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School-Live! - Eps. 6-12

School-Live! - Eps. 6-12

Written by Dan Barnett on 14 Oct 2015

Distributor Crunchyroll • Certificate N/A • Price N/A

The opening episodes of School-Live! are probably some of the best directed episodes of anime that we've seen produced in quite a while with their incredible pacing and tone. But lots of anime start off great (in fact most of them do as the time and budget afforded a show tends to be heavily front-loaded), but now that the series has reached its conclusion it’s time to assess whether the series manages to live up to the big expectations it set itself up with.

After the shocking, zombie-fuelled twist of the first episode, you’d be forgiven for thinking that School-Live had shot its bolt and that things would be more straight-forward from now on... but you’d be wrong. Rather than rest on its laurels the show instead charges forward with a set of exquisitely timed and paced reveals and tense action, as the surviving girls keep working to survive in their terrible new world whilst also trying to keep up pretences to ensure that the damaged Yuki can cling onto the last vestiges of her sanity that her delusions allow her. The upshot of this is a delicate balance across the series between the gradual uncovering of the show's dark secrets (such as just why a simple school has such an insanely good self-sufficient infrastructure) and the more mundane slice of life events (pool episode – check!)

Cleverly, both aspects of the series really help to draw you in, using the more standard school events to build layers of characterisation that then helps to twist the audience's feelings in just the right way once things start to go wrong and the undead rear their ugly heads.  Episodes 10 and 11 in particular are an utter masterclass of this, taking every bit of characterisation and the feelings the audience has built for these characters and using it ruthlessly to leave you constantly on the edge of your seat on tenterhooks; waiting, fearing, and desperately hoping that there could maybe be some way out that will allow Yuki and friends to make it through unscathed...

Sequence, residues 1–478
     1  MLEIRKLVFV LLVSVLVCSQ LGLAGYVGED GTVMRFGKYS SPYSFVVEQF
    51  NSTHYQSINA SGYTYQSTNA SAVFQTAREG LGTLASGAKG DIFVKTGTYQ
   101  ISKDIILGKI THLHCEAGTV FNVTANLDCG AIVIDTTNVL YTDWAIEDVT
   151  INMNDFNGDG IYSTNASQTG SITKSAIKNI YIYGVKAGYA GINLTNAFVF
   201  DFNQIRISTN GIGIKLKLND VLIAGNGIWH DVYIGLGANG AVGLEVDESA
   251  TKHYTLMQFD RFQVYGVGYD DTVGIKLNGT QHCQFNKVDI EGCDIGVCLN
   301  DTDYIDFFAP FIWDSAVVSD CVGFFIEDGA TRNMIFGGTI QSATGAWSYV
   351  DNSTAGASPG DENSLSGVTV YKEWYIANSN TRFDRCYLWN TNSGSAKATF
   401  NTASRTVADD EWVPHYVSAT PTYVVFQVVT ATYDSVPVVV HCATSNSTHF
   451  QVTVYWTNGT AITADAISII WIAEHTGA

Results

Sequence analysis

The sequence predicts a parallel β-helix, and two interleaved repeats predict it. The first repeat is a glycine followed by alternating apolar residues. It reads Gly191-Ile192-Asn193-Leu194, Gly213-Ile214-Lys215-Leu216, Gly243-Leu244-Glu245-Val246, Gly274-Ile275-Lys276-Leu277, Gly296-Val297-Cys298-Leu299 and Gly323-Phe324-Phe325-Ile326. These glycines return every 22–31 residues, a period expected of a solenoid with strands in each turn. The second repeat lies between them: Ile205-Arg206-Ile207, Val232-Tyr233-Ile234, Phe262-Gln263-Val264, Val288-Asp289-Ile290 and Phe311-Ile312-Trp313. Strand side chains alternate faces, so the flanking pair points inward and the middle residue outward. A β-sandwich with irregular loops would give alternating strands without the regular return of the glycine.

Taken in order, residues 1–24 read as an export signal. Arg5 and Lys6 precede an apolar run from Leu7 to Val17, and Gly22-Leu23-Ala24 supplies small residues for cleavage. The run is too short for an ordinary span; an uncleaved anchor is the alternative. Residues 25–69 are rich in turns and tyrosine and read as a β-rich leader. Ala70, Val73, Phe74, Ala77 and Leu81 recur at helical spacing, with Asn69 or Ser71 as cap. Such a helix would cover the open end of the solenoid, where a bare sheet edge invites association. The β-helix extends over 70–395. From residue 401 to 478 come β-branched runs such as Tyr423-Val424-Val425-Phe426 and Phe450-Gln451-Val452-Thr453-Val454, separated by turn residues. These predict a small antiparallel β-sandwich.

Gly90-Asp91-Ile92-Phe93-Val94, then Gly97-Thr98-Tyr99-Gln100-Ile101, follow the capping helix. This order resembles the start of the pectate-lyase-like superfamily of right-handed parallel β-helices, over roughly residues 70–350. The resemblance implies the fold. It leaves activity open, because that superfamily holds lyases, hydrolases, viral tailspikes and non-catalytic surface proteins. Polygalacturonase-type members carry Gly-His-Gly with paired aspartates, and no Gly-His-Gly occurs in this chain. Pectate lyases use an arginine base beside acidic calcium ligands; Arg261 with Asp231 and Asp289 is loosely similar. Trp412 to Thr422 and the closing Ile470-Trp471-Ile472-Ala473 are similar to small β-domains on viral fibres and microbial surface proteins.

This being said, there are a few bum notes here and there in the series – the use of shadow to sanitise the undead does start to feel a little over-used after a while and whilst full-on Romero-style horror wouldn’t be a good fit you feel like something else could have taken the series to even higher heights. There are also a few story issues as some threads feel a little underdeveloped (partially no doubt due to the ongoing manga series), which also leaves the series finale feeling a bit drawn out and functioning mostly as an epilogue with some set-up for an as-of-yet unannounced sequel.

Elsewhere however everything is fantastic. The opening credits (with the brilliantly catchy theme song) are a great example of this, as the content of the animation subtly changes across the series as the characters and audience become more aware of what’s going on. The animation remains very solid throughout as well and does the best job it could have done of tying together a show comprised of such contrasting genres.

School-Live is a series that is definitely worth you investing your time into if the opening episodes managed to grab your attention, and its ended up staying right at the top of the pile of shows from the summer season, arguably rivalling the likes of Gatchaman Crowds Insight for the top spot. Hopefully the series will be granted a second season to keep the story going, though at least if it doesn’t the manga has been licensed and will be available soon. In short, this is an exceptionally well put together show that really manages to break all your expectations of what it’s going to be.

You can currently watch School-Live! in streaming form on Crunchyroll.


Japanese audio with English subtitles.  Video is available in 360p, 480p, 720p and 1080p resolutions; HD formats and removal of advertisements available to paid subscribers.

Highschool of the Dead and Azumanga Daioh had a baby - and it's beautiful!

Dan Barnett
About Dan Barnett

Dan first encountered anime at the ripe old age of six with a VHS copy of Laputa. Ten years later he re-discovered it in Robotech and overnight a DVD collection was born.


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